Former Sen. Alan Simpson (R-Wyo.) on Wednesday vowed to “protect” GOP representatives who break with Grover Norquist's anti-tax pledge.
Simpson, who along with Erskine Bowles led President Obama's debt commission, said the Campaign to Fix the Debt, which he co-founded, has raised millions to go to bat for senators and representatives from both parties who come under political attack for compromising to reach a "fiscal cliff" deal.
Simpson has led the charge against Norquist's Americans for Tax Reform (ATR) pledge, which has been signed by most Republicans in Congress. He said that politicians need to avoid being enthralled to Norquist and the AARP over taxes and cuts to Medicare and Social Security.
The Campaign has millions of dollars on hand to help in political races, Simpson added.
He predicted Senate Majority Whip Dick Durbin (D-Ill.) in particular would come under attack for backing some entitlement cuts as part of a Gang of Eight deal. Simpson said an unnamed senator, whom he described as “not helpful,” has been gunning for Durbin's job, an apparent reference to liberal Sen. Charles Schumer (D-N.Y.), the No. 3 Democrat.
Schumer has pushed for a deal that includes tax reform that raises rates, rather than lowering them as proposed in the Bowles-Simpson plan.
Simpson was not shy in criticizing members of his own party as well.
Some people in the GOP are “as rigid as a fireplace poker without the occasional warmth,” the folksy senator said.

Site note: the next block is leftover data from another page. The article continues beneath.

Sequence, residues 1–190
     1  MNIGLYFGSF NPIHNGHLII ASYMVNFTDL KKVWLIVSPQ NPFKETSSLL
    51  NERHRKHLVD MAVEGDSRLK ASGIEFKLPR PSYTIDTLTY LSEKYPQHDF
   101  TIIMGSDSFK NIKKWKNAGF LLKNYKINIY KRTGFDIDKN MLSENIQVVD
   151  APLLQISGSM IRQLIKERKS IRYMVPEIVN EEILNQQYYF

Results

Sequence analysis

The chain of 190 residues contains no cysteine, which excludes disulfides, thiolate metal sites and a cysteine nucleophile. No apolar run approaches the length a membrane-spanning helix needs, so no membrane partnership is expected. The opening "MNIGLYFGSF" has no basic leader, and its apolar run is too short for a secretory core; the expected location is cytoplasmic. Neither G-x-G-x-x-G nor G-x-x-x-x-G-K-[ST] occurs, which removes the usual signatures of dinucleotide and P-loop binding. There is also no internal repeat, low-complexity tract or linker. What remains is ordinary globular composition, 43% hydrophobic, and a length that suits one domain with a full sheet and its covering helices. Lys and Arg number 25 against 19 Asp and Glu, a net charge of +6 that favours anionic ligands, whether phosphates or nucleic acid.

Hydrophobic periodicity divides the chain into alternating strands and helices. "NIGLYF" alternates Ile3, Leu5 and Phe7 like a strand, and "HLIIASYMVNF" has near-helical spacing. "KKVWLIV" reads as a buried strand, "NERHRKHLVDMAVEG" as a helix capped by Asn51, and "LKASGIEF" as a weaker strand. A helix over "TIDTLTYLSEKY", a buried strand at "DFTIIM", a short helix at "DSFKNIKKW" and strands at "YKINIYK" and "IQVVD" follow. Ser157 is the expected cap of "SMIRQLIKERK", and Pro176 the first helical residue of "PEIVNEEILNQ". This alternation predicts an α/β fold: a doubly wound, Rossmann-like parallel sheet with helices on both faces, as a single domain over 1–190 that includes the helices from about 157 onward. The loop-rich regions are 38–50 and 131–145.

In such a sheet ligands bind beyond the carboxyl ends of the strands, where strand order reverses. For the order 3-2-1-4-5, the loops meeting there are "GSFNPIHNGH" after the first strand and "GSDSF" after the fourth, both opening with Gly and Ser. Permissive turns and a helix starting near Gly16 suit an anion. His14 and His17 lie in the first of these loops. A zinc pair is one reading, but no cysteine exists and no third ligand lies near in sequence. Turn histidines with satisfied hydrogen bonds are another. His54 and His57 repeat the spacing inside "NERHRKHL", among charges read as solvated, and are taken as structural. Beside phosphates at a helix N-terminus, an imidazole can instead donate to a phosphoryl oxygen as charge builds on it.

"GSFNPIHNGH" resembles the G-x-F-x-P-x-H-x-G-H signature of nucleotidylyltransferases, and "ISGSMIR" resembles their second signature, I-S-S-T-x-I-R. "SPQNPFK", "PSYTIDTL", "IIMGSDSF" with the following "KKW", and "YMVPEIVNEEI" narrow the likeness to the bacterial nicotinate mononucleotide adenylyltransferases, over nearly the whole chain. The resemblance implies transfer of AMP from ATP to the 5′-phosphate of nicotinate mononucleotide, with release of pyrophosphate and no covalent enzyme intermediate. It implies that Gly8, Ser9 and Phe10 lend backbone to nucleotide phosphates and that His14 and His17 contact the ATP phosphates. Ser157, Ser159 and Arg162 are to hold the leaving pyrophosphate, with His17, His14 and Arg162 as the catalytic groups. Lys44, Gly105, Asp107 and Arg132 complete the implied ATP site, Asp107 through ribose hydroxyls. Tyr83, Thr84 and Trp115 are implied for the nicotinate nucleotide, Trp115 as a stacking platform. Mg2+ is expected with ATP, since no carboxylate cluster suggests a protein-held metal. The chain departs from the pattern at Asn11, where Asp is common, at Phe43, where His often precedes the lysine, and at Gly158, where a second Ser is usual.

He said that if Washington goes over the cliff and allows tax hikes and automatic spending cuts to take effect, he hopes voters will point the blame at those who failed to compromise.
“I hope that does happen, and I think it could happen,” he said.
As part of the fiscal cliff negotiations, the White House is urging Republicans to vote to allow tax rates on upper-income individuals to rise, a flat violation of the ATR pledge.
Tax rates on the wealthy, as well as those for the middle class, will rise in January if Congress does not act, leading some liberals to advocate going over the cliff. At that point, passing a middle-class tax extension without extending the rates for the wealthy would technically be a tax cut.
Bowles, who also spoke at the event alongside Simpson, expressed pessimism that lawmakers and the White House could compromise and reach an accord.
He predicted a two-thirds chance efforts to reach a deficit deal by the end of the year would fail.
“I am really worried,” said Bowles. “I believe the probability is that we are going over the cliff. I think it would be horrible and devastating.”
Image courtesy of the Christian Science Monitor